It’s important to begin a conversation with your child first to see how they feel. Talking is the first way to understand if there is something bothering them or not and to see what support they think might be most helpful for them. If these symptoms persist it may be that they would feel happy speaking to a GP about their mental health, or there might be someone at their school who they would like to reach out to. It could be that your child would find it beneficial talking to a counsellor about their struggles. If you're especially concerned because your child’s behaviour is unsafe, if they are hurting themselves or someone else do seek help and support. If their life is in immediate danger, call 999.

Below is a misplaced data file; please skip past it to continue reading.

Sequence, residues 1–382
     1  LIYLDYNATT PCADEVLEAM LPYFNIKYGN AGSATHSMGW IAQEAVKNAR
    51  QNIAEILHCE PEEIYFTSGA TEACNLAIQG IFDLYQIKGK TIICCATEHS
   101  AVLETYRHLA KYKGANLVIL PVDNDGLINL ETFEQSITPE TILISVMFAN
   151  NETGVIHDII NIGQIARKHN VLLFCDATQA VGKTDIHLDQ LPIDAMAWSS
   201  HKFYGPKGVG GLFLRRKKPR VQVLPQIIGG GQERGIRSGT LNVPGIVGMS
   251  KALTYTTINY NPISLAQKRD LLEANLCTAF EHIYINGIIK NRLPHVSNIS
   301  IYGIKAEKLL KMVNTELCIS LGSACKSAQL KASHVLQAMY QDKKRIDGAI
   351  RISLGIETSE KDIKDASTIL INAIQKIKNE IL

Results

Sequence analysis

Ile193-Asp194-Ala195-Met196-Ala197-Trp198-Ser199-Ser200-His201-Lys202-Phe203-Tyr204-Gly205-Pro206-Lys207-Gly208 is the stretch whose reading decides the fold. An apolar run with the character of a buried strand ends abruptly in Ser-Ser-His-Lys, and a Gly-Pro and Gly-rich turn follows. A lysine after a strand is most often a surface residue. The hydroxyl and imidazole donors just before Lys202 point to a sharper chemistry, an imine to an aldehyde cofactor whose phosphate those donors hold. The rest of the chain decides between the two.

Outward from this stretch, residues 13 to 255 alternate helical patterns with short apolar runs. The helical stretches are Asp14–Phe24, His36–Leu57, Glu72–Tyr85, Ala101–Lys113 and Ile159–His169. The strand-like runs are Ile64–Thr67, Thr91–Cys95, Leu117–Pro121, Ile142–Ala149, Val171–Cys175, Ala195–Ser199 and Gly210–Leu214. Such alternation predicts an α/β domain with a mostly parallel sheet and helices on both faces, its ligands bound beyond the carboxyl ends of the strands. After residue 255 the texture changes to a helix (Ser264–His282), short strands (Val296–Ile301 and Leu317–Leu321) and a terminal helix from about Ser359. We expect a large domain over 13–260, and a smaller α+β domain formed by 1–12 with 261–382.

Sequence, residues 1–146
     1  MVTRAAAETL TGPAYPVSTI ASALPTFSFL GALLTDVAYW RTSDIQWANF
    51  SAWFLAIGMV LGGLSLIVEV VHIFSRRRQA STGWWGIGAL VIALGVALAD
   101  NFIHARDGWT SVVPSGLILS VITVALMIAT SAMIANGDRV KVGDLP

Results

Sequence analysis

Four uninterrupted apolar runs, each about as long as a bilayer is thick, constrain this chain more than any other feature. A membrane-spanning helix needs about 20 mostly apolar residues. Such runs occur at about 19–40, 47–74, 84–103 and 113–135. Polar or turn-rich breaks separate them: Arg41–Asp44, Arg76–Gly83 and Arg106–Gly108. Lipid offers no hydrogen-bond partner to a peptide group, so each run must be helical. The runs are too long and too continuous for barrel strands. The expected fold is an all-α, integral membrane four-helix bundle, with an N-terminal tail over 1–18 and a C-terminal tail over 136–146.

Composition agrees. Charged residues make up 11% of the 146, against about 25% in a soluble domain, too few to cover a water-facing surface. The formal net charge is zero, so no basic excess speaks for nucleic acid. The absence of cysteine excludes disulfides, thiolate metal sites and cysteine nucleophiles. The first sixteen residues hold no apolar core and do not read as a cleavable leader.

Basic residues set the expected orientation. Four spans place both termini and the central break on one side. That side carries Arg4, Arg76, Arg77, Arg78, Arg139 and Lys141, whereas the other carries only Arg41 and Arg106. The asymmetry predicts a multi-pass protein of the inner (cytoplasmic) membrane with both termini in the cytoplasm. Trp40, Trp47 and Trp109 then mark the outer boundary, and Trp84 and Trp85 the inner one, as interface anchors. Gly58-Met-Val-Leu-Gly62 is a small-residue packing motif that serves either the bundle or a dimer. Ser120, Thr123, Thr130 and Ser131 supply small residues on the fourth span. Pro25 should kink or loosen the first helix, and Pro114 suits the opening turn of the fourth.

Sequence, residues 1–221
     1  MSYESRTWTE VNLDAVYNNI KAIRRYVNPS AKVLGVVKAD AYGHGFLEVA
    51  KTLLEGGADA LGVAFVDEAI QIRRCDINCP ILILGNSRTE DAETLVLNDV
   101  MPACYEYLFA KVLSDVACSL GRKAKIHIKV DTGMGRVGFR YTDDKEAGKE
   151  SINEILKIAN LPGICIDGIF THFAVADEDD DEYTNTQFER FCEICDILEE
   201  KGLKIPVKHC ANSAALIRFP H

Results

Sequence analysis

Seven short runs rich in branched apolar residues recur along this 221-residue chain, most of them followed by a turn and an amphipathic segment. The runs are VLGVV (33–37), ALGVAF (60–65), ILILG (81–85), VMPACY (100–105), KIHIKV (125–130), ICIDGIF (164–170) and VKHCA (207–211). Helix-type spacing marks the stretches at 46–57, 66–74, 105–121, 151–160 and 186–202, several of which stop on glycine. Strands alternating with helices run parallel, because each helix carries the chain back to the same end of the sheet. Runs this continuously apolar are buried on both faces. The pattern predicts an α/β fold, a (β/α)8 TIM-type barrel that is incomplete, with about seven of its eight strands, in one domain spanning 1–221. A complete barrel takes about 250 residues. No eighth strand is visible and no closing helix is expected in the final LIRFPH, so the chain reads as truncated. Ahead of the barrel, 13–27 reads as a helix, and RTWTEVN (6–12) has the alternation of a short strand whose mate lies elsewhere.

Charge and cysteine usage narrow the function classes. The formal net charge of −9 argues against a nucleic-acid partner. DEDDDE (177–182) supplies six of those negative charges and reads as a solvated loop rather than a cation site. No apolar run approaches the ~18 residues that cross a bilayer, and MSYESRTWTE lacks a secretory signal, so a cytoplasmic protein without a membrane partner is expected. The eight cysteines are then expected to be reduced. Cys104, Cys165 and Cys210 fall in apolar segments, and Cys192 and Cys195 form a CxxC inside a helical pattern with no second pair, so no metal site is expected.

It may be that your child isn’t showing these signs now, but you're concerned they could in the future. Perhaps they have experienced a recent distressing and traumatic event or there’s been a recent loss or big change in their life. It’s really helpful and important to be aware as a parent and be ready to support them if and when they need you to.
If you think your child would benefit from counselling, why not book in with one of our counselling team.
Or get in touch with us and we'd be happy to talk it through.